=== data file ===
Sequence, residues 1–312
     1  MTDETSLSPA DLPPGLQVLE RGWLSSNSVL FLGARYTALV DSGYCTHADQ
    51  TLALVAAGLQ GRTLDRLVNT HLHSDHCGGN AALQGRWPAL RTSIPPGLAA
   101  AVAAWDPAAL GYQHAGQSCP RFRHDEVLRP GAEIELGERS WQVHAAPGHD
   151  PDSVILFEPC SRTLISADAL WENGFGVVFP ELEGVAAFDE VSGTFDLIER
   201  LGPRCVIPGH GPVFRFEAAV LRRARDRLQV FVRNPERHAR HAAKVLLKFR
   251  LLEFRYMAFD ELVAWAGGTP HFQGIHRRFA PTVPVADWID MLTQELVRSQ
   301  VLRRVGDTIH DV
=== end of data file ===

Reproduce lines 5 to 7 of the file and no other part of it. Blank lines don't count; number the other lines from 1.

   151  PDSVILFEPC SRTLISADAL WENGFGVVFP ELEGVAAFDE VSGTFDLIER
   201  LGPRCVIPGH GPVFRFEAAV LRRARDRLQV FVRNPERHAR HAAKVLLKFR
   251  LLEFRYMAFD ELVAWAGGTP HFQGIHRRFA PTVPVADWID MLTQELVRSQ